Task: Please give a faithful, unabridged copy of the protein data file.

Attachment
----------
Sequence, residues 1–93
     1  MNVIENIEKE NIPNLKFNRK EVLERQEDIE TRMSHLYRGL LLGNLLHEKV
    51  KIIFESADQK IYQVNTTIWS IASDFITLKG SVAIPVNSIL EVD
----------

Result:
Sequence, residues 1–93
     1  MNVIENIEKE NIPNLKFNRK EVLERQEDIE TRMSHLYRGL LLGNLLHEKV
    51  KIIFESADQK IYQVNTTIWS IASDFITLKG SVAIPVNSIL EVD